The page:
If you attended the 9th Annual Seed Swap you now have loads of seeds for your gardens. In this post we’ll give you some basic vegetable and herb seed starting tips to help you on your way to a bountiful garden.
This is last opportunity to plant some cool season crops! Many cool season crops are planted in late summer or early fall for harvest over winter and spring. However there are some vegetables that can be planted in early spring if they are fast maturing. Cool season crops are those that grow best and produce the best quality when the average temperatures are 55°F to 75°F and are usually tolerant of slight frosts.
Warm temperatures will force some crops to “bolt” which means it will go into flower mode rather than leaf/stem growing mode. And for things like Broccoli where we eat the immature flowers this is not good if the flowers mature faster than we can harvest and enjoy them!
Look for information on the seed packet or online to see how long each variety takes to reach maturity and plant those that will be ready for harvest within 60 days or less and/or are slow bolting varieties. We’ve marked crops with an * to note which you should ensure are fast maturing.
Some Summer crops can be started indoors now or in a sheltered area with heat applied to prevent the seed from rotting. Summer crops require heat and while crops in the Tomato family can take 1-2 months until transplanting size squashes, melons and beans only take a couple of weeks so shouldn’t be started indoors until mid to late March. Many herbs can also be directly sowed in the garden for harvest and enjoyment later in the season.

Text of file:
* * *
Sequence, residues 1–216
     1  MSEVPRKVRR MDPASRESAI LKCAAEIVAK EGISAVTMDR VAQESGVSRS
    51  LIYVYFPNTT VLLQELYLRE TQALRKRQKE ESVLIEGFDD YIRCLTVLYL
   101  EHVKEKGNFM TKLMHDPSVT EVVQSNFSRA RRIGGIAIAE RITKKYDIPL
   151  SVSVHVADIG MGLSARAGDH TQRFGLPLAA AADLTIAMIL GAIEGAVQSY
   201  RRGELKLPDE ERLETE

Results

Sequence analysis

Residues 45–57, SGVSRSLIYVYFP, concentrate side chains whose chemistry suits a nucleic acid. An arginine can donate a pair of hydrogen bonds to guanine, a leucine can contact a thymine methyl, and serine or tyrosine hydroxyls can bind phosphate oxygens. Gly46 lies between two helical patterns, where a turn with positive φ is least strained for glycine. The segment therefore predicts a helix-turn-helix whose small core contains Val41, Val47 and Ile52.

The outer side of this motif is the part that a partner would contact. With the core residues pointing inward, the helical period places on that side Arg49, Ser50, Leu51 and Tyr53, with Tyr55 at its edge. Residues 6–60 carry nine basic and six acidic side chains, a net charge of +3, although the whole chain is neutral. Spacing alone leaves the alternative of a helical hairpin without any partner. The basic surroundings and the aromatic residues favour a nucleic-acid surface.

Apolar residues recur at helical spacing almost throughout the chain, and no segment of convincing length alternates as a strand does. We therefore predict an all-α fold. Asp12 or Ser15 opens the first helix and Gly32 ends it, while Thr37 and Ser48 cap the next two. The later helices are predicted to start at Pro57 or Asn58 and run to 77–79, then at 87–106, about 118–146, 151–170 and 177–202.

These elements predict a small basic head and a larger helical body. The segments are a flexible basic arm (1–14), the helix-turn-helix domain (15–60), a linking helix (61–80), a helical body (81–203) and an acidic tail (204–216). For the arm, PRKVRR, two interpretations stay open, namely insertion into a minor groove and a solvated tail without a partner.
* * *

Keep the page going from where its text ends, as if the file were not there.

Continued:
Seed to start indoors or in a warm sheltered area:
Seed to direct sow/plant outdoors (all but root crops can be started indoors if desired):
- Asian Greens (bok choy etc.)
- Lemon Balm
NOTE: These are recommendations pooled from successful farmers and gardeners according to our “typical” seasons. Use this information as a good starting place but don’t interpret it as absolutely perfect for every location. Some years may vary and some yards have unique microclimates so don’t be afraid to experiment and find what works best for you and your gardens.
Many thanks to Sherri Scott, CSLL seed librarian and Grub Grown Nursery owner, for her wisdom in compiling these seed starting resources.